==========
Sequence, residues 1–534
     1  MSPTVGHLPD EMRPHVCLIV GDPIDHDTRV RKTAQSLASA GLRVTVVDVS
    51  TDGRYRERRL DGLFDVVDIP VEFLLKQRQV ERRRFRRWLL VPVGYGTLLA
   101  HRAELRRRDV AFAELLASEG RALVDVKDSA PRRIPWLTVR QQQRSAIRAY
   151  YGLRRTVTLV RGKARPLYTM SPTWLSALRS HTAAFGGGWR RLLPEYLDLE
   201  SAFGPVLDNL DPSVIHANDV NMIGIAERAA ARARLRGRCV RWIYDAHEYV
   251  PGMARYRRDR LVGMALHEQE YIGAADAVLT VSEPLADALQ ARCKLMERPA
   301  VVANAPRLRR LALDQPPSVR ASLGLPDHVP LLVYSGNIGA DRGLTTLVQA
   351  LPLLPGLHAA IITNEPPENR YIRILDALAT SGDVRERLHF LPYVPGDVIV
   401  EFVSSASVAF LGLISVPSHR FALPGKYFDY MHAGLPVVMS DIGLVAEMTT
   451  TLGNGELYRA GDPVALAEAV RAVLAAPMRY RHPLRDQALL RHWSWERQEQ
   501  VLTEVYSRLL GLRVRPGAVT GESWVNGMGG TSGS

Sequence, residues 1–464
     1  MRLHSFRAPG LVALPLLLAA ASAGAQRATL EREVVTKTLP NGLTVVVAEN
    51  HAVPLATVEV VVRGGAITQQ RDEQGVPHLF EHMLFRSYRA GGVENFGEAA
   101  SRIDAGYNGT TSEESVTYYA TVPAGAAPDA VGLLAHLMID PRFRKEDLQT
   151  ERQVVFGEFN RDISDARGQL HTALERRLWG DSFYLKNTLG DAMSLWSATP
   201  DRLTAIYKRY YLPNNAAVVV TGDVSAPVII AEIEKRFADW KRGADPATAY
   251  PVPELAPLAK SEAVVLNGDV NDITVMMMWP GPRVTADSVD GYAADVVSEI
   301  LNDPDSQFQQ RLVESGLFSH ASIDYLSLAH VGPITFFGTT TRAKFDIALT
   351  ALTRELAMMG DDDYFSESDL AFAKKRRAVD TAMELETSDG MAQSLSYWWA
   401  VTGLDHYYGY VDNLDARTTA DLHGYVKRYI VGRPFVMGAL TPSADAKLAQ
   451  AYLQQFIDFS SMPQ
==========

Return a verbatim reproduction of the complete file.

Sequence, residues 1–534
     1  MSPTVGHLPD EMRPHVCLIV GDPIDHDTRV RKTAQSLASA GLRVTVVDVS
    51  TDGRYRERRL DGLFDVVDIP VEFLLKQRQV ERRRFRRWLL VPVGYGTLLA
   101  HRAELRRRDV AFAELLASEG RALVDVKDSA PRRIPWLTVR QQQRSAIRAY
   151  YGLRRTVTLV RGKARPLYTM SPTWLSALRS HTAAFGGGWR RLLPEYLDLE
   201  SAFGPVLDNL DPSVIHANDV NMIGIAERAA ARARLRGRCV RWIYDAHEYV
   251  PGMARYRRDR LVGMALHEQE YIGAADAVLT VSEPLADALQ ARCKLMERPA
   301  VVANAPRLRR LALDQPPSVR ASLGLPDHVP LLVYSGNIGA DRGLTTLVQA
   351  LPLLPGLHAA IITNEPPENR YIRILDALAT SGDVRERLHF LPYVPGDVIV
   401  EFVSSASVAF LGLISVPSHR FALPGKYFDY MHAGLPVVMS DIGLVAEMTT
   451  TLGNGELYRA GDPVALAEAV RAVLAAPMRY RHPLRDQALL RHWSWERQEQ
   501  VLTEVYSRLL GLRVRPGAVT GESWVNGMGG TSGS

Sequence, residues 1–464
     1  MRLHSFRAPG LVALPLLLAA ASAGAQRATL EREVVTKTLP NGLTVVVAEN
    51  HAVPLATVEV VVRGGAITQQ RDEQGVPHLF EHMLFRSYRA GGVENFGEAA
   101  SRIDAGYNGT TSEESVTYYA TVPAGAAPDA VGLLAHLMID PRFRKEDLQT
   151  ERQVVFGEFN RDISDARGQL HTALERRLWG DSFYLKNTLG DAMSLWSATP
   201  DRLTAIYKRY YLPNNAAVVV TGDVSAPVII AEIEKRFADW KRGADPATAY
   251  PVPELAPLAK SEAVVLNGDV NDITVMMMWP GPRVTADSVD GYAADVVSEI
   301  LNDPDSQFQQ RLVESGLFSH ASIDYLSLAH VGPITFFGTT TRAKFDIALT
   351  ALTRELAMMG DDDYFSESDL AFAKKRRAVD TAMELETSDG MAQSLSYWWA
   401  VTGLDHYYGY VDNLDARTTA DLHGYVKRYI VGRPFVMGAL TPSADAKLAQ
   451  AYLQQFIDFS SMPQ